Discovery of new antibiotic class could be the answer to drug resistance

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The antibiotic Nosopharm has a unconventional source and a distinctive way of killing bacteria

There is a new antibiotic class on the horizon, one that could be the antidote to all the antibiotic resistance that seem to have taken over the world.

The antibiotic, first identified by Nosopharm, is unique and promising on two fronts: its unconventional source and its distinct way of killing bacteria. On both counts, it has raised hopes that it may be effective at treating drug-resistant or hard-to-treat bacterial infections.

Called odilorhabdins, or ODLs, the antibiotics are produced by symbiotic bacteria found in soil-dwelling nematode worms that colonize insects for food

Researchers the University of Illinois at Chicago and Nosopharm, a biotechnology company based in Lyon, France, are part of an international team reporting on the discovery. It is important for global health but for India that is battling drug resistance on so many fronts, including and particularly TB thanks to its lax drug laws this could be exactly what the doctor ordered. Literally.

Called odilorhabdins, or ODLs, the antibiotics are produced by symbiotic bacteria found in soil-dwelling nematode worms that colonize insects for food. The bacteria help to kill the insect and, importantly, secrete the antibiotic to keep competing bacteria away. Until now, these nematode-associated bacteria and the antibiotics they make have been largely understudied.

To identify the antibiotic, the Nosopharm research team screened 80 cultured strains of the bacteria for antimicrobial activity. They then isolated the active compounds, studied their chemical structures and engineered more potent derivatives.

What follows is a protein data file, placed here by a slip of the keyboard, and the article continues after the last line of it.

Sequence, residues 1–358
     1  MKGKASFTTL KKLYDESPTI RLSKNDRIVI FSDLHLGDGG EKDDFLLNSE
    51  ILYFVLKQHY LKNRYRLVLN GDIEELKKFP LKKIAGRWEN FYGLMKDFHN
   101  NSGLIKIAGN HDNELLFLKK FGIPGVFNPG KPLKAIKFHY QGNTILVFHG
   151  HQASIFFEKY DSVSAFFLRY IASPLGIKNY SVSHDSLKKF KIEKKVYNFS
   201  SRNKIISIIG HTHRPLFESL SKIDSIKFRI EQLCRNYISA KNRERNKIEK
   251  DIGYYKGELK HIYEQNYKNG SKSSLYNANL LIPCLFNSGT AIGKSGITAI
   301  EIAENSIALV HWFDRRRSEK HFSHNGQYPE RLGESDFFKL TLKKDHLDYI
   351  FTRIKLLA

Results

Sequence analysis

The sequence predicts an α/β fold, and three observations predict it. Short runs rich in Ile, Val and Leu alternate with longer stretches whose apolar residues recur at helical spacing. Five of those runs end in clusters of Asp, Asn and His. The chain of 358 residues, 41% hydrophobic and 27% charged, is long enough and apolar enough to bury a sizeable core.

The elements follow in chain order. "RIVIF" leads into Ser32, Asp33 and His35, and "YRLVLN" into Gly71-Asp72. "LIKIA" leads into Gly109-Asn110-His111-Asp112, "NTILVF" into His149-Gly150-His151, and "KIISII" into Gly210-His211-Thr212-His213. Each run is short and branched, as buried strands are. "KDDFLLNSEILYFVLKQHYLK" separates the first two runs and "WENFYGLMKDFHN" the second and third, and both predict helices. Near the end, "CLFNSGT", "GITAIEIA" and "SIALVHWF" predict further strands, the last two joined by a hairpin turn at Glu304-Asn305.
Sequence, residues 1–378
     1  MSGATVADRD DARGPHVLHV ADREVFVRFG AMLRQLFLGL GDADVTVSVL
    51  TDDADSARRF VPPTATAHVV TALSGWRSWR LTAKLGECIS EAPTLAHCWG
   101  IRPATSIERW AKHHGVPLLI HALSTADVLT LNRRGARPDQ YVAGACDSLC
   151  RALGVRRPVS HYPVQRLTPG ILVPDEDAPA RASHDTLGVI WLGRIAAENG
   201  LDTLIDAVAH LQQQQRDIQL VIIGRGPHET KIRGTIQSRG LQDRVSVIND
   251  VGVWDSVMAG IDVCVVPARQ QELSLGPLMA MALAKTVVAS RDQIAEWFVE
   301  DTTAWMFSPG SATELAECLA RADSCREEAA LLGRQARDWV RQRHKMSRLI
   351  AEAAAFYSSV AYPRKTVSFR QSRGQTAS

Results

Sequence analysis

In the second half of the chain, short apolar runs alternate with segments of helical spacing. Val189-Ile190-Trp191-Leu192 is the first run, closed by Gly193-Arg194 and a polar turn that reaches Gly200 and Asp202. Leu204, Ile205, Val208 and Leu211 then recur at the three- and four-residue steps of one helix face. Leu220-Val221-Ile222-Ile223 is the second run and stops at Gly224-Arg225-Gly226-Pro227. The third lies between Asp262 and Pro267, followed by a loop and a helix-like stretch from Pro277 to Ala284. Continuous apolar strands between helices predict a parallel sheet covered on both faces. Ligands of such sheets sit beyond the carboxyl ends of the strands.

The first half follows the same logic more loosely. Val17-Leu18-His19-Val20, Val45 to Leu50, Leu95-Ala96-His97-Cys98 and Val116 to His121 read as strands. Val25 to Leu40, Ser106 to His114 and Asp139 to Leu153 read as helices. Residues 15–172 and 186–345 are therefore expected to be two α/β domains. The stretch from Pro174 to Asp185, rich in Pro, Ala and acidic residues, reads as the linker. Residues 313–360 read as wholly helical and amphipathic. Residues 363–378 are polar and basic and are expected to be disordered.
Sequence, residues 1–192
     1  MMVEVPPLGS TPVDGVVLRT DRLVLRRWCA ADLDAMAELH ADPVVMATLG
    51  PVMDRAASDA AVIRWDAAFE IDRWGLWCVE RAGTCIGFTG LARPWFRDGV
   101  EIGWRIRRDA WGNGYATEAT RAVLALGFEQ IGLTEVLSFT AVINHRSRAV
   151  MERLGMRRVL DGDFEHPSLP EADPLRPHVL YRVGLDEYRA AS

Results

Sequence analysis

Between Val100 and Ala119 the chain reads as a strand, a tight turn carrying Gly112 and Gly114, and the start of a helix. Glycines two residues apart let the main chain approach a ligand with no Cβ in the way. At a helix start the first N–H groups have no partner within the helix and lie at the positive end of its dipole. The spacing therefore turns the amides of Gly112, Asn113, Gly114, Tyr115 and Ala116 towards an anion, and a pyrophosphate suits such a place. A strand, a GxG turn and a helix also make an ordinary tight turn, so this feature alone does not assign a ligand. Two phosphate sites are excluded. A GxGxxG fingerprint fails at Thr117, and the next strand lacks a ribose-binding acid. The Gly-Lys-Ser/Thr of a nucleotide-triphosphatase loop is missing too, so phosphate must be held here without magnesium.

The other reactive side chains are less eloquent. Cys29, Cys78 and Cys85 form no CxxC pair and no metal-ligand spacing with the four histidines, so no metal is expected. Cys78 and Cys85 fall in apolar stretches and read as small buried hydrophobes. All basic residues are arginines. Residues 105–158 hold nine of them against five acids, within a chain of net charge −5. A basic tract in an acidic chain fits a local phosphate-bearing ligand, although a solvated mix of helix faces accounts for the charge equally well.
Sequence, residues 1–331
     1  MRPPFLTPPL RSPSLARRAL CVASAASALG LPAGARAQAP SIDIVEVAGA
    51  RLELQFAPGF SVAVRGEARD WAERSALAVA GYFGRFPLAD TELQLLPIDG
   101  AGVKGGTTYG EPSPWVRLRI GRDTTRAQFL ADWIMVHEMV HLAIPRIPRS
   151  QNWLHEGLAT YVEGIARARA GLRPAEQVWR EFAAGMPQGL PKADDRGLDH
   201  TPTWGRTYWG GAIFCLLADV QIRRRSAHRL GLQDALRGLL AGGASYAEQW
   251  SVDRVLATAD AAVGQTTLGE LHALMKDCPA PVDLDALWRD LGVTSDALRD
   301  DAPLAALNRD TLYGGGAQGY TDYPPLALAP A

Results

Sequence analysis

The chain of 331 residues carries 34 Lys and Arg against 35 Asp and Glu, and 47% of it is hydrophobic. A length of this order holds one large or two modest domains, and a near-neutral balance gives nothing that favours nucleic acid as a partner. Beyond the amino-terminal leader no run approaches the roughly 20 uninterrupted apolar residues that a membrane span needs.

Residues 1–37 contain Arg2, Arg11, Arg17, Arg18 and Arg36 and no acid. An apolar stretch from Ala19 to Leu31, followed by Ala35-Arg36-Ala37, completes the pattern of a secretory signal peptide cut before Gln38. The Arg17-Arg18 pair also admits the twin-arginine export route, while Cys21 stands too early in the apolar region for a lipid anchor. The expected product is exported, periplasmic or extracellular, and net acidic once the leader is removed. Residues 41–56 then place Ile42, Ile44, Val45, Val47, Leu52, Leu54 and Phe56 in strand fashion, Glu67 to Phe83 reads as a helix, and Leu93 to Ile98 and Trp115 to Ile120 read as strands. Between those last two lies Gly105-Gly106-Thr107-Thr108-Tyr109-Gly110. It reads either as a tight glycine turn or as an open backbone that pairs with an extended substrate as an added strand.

The study, published in Molecular Cell, describes the new antibiotic and, for the first time, how it works.

UIC’s Alexander Mankin and Yury Polikanov are corresponding authors on the study and led the research on the antibiotic’s mechanism of action. They found that ODLs act on the ribosome — the molecular machine of individual cells that makes the proteins it needs to function — of bacterial cells.

“Like many clinically useful antibiotics, ODLs work by targeting the ribosome but ODLs are unique because they bind to a place on the ribosome that has never been used by other known antibiotics,” said Polikanov, assistant professor of biological sciences in the UIC College of Liberal Arts and Sciences.

The UIC researchers, including graduate student Tanja Florin and postdoctoral research associate Malgorzata Dobosz-Bartoszek, also found that when bound to the ribosome, the antibiotic disrupts its ability to interpret and translate genetic code.

“When ODLs are introduced to the bacterial cells, they impact the reading ability of the ribosome and cause the ribosome to make mistakes when it creates new proteins,” said Mankin, director of the Center for Biomolecular Sciences in the UIC College of Pharmacy. “This miscoding corrupts the cell with flawed proteins and causes the bacterial cell to die.”

While many antibiotics can slow bacterial growth, Mankin says antibiotics that actually kill bacteria, called bactericidal antibiotics, are rare.

In France, the Nosopharm researchers tested the ODL compounds against bacterial pathogens, including many known to develop resistance.